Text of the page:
Four Brookdale students will complete intensive undergraduate research projects and earn $1,500 toward their education this year after being selected as the college’s newest NASA STEM Fellows.
The students, who will also serve as peer tutors in Brookdale’s STEM (Science, Technology, Engineering and Mathematics) Institute this year, are: Jordan Grillo, of Aberdeen; Brianna Valdes, of Lincroft; Karl Waldron, of Neptune; and Jon Zukowski, of Millstone. Beginning this fall, the students will work with designated mentors to design and carry out a research project in their field of study. Their results will be presented to classmates, colleagues and Brookdale faculty during a public forum this spring.
The new fellows are the fourth cohort of students selected to join Brookdale’s NASA STEM Fellowship program, which is funded by a grant from NASA and the New Jersey Space Grant Consortium (NJSGC). The program was established in 2015.
“This program has created enormous opportunities for our students, and we are very excited to welcome our newest cohort of NASA STEM Fellows,” said assistant biology professor Gitanjali Kundu, who administers the grant program alongside assistant mathematics professor Susan Monroe. “Not only will they perform valuable research and assist their classmates in their own studies, these students will also serve as STEM ambassadors for the college.”
Grillo, a mathematics major who plans to work with assistant mathematics professor Ana Teodorescu on her year-long research project, said she is both honored and humbled to join the fellowship program.
“I am beyond excited and so thrilled to say that I am part of the 4th cohort of the NASA Fellows,” said Grillo. “Overall, being selected to be part of the cohort proves that hard work and dedication does pays off. I am proud of my work so far and excited to see where my hard work brings me in life.”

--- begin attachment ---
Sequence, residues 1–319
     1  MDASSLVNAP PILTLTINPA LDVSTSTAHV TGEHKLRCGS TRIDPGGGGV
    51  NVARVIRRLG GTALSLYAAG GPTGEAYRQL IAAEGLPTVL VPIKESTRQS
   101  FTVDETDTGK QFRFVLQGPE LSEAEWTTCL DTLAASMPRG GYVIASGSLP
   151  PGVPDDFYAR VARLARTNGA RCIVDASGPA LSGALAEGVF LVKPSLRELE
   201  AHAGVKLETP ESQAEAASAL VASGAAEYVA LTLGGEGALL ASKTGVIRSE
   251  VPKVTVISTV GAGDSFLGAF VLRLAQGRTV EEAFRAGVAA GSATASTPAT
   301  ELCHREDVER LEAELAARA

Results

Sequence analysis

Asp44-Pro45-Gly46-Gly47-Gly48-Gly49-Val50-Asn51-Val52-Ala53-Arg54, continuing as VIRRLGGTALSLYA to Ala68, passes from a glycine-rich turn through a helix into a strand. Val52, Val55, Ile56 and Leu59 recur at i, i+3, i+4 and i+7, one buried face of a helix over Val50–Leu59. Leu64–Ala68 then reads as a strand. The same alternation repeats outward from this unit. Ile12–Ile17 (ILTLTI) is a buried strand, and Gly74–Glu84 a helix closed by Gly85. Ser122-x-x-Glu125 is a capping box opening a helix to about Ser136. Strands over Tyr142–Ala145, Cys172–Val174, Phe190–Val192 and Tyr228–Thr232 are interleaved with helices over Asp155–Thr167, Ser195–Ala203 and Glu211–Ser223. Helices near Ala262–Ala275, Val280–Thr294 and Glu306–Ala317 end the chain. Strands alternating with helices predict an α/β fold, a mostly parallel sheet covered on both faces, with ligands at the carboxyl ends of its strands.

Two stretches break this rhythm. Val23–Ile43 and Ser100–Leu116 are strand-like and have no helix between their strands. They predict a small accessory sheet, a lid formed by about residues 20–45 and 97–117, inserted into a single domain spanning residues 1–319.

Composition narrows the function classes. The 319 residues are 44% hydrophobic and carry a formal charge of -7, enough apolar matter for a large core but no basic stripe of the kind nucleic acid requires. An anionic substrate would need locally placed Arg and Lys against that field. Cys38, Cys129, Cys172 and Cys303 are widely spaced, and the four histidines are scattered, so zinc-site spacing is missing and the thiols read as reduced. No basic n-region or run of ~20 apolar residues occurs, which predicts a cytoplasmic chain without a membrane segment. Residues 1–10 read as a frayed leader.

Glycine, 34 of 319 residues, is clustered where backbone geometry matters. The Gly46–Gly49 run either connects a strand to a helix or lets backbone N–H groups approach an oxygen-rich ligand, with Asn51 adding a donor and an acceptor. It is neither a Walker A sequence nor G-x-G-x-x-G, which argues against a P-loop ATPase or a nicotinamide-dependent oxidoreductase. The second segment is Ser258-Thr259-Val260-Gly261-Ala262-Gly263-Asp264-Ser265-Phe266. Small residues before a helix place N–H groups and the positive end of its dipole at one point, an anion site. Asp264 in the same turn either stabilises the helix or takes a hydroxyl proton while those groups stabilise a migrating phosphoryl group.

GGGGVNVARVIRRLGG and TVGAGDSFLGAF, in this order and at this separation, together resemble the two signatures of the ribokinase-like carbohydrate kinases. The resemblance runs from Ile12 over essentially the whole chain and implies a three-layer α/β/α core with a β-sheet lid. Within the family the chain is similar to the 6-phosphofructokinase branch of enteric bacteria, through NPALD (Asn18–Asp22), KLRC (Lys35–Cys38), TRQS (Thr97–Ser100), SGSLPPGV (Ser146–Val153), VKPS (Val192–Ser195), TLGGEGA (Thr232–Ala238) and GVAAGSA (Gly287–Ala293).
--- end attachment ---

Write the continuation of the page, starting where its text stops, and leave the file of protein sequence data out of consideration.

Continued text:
Valdes, a biology major, plans to work with Brookdale faculty to develop an environmentally friendly hydroponic agricultural system, which she will use to highlight “the ease of sustainability” to the college community.
“I am extremely grateful for the financial and academic benefits accompanied by this prestigious scholarship,” said Valdes. “With the help of the fellowship grant, I plan to dedicate more time and energy in my personal academic pursuits and STEM related projects, while spending less time typically dedicated to work in mitigating financial expenses.”
Waldron plans to work alongside Monroe and his personal mentor, neuroscientist Dr. Shawniqua Williams, to study the treatment decisions made by certain patients suffering from epilepsy. His goal, he said, is to understand why a disparate number of minority patients elect not to have surgery, even in worst-case scenarios.
“This scholarship means a lot to me, personally, because I wasn’t the best student academically in high school,” said Waldron. “For me to work this hard and become a NASA Fellow, it makes me feel good and validates my belief that anything is possible if you’re willing to work for it. I have always wanted to get involved in research and this has given me the platform to finally do it.”
Zukowski, a Marine Corps veteran and an electrical engineering major, hopes to work with faculty from Rutgers University to design and carry out a project centered on robotics and artificial intelligence.
“It is a rapidly expanding field and, within it, there is a good amount of potential to make novel discoveries and innovations that I hope to be a part of,” said Zukowski. “I’m really grateful that an opportunity like this exists, and honored to have been selected for it.”
The new STEM Fellows will join current STEM Institute peer tutors Matthew Chan and Jonathan Yuh to offer free tutoring services this year in Brookdale’s STEM Lounge, located in MAS 107. For more information or to see tutor availability visit the STEM Lounge webpage.